The Importance of Visual Input
Approximately 80% of the data our brain receives is visual. A hiccup in this input can cause the brain to misinterpret its surroundings. Even with perfect 20/20 vision, an individual might face challenges in visual processing. Here are some instances:
- Schoolchildren might find it difficult to shift focus from the blackboard to their notebooks, affecting their academic performance.
- Teenagers might grapple with eye-tracking issues, causing them to skip lines when reading, resulting in fatigue and a subsequent impact on their academic tasks.
- Concussion-afflicted adults might have depth perception issues or altered visual fields, making them prone to bumping into objects or facing balance issues.
- Seniors may have reduced confidence driving, especially at night, avoiding crowds or uneven walking surfaces, and increased risks of falling.
Symptoms of Impaired Visual Processing
A myriad of symptoms can manifest when visual processing goes awry, including:
- Clumsiness, frequently knocking things over
- Struggling with reading, often losing place or re-reading lines
- Burning, itchy, watery eyes, light sensitivity
- Attention and concentration difficulties, losing belongings
- Experiencing double vision, headaches, and eyestrain
- Poor hand-eye coordination
- Lack of confidence walking, missing steps and stumbling
- Motion and car sickness
What is Neuro-Visual Rehabilitation?
This therapeutic approach reconditions the connection between the eye and the brain using various tools such as lenses, prisms, filters, and patching. Doing so activates dormant brain regions, and fosters enhanced communication between the brain and the eyes. At FMC of MN, we tailor our treatment programs to fortify visual skills, recalibrate the brain to comprehend visual data, and boost processing efficiency.
Neurological Disruptions to Vision
Traumatic brain injury (TBI), commonly referred to as a concussion, interrupts the synchronization between the eyes and the brain, instigating visual anomalies. Other causes like strokes, tumors, infections, or conditions like cerebral palsy can similarly impair the neuro-visual system. Often, these visual impairments are unnoticed in early evaluations and might surface much later. FMC of MN understands the extensive repercussions of TBIs, encompassing vision shifts, issues with memory and cognition, sleep disturbances, anxiety and depression, mood changes, tinnitus or ringing in the ears, headaches and migraines, and more. Neglecting these TBI-related concerns can delay recovery.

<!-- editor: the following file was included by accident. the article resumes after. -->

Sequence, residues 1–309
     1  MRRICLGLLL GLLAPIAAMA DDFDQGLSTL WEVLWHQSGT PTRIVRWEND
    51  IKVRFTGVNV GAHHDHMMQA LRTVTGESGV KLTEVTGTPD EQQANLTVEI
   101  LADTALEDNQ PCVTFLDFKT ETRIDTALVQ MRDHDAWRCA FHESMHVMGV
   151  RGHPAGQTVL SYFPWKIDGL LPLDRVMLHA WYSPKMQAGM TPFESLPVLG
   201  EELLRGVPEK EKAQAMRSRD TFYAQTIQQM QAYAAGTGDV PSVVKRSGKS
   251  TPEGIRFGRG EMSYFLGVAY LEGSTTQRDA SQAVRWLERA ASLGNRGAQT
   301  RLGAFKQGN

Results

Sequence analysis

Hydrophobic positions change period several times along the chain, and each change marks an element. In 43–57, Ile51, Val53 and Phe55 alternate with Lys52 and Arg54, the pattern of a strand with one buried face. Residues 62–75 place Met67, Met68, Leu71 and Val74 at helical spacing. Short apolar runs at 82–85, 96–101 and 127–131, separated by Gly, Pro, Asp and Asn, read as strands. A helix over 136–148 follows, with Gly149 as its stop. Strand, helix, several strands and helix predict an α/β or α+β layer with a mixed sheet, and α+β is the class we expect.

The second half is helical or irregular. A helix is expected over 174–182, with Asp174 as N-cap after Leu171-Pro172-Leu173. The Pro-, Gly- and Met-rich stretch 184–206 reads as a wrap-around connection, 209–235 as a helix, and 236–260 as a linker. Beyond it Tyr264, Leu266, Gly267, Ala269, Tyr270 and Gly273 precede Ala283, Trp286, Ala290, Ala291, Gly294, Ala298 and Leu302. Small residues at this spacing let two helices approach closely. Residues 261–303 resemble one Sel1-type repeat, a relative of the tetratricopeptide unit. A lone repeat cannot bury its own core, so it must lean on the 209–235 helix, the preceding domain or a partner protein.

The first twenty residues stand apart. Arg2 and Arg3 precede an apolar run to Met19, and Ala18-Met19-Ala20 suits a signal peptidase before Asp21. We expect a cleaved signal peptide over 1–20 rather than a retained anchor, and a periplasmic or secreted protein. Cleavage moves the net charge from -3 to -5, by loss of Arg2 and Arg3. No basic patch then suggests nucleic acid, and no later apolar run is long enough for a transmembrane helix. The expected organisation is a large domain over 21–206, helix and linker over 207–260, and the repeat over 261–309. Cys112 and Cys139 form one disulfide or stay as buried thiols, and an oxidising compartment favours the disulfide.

The Connection to Vestibular Dysfunction
Various causes, from head injuries to diseases, can induce vestibular dysfunction, affecting visual processing. Symptoms include dizziness, vertigo, balance issues, cognitive challenges, disorientation, hearing and vision changes, and more. Often, the gradual onset means individuals may be unaware of their condition. Fatigue, memory loss, inability to concentrate, or struggles with daily tasks at home or school might hint at vestibular dysfunction.
The Anatomy of Vision
Learning hinges significantly on our ability to perceive and process information visually. Key visual components include:
- Visual Fixation is the eye’s capability to lock onto a target.
- Saccades are quick eye movements, like rapidly scanning a page.
- Accommodation is shifting focus from distant to near objects.
- Convergence is aligning eyes to maintain a singular image.
- Binocular Fusion is the brain’s task of blending data from both eyes to produce one image.
Should any of these elements falter, signs might include reluctance towards reading, frustration with school, “I hate school” comments, closing one eye or tipping head to read, frequent eye rubbing, using a finger as a guide when reading, fidgeting or short attention span, struggling to remember or understand what read, avoiding reading out loud, skipping words when reading, losing place or re-reading lines, poor handwriting or writing uphill/downhill, avoids sports or games, does not accept change well, does not use time well, loses belongings/things, forgetfulness, saying “I can’t” before trying and more. Often, those diagnosed with ADD, ADHD, or dyslexia might be grappling with unnoticed visual deficits.
Vision isn’t just innate; it’s a skill we cultivate from birth and refine throughout life. FMC of MN’s neuro-visual rehabilitation techniques have consistently assisted individuals grappling with visual processing challenges. Our vision therapist, Jeri, brings over four decades of optometric experience, with 23 years dedicated to developmental/behavioral optometry.
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Traditional medicine does not look for the underlying causes of your chronic pain or health issue. It simply manages symptoms, most often with medication, or even surgery. At Functional Medicine Center Of MN, we first identify the underlying source of your pain or condition, then we develop a personalized care plan and path for your restoration to health. It starts with a comprehensive 90-minute assessment at our office. Get on your path to a better life.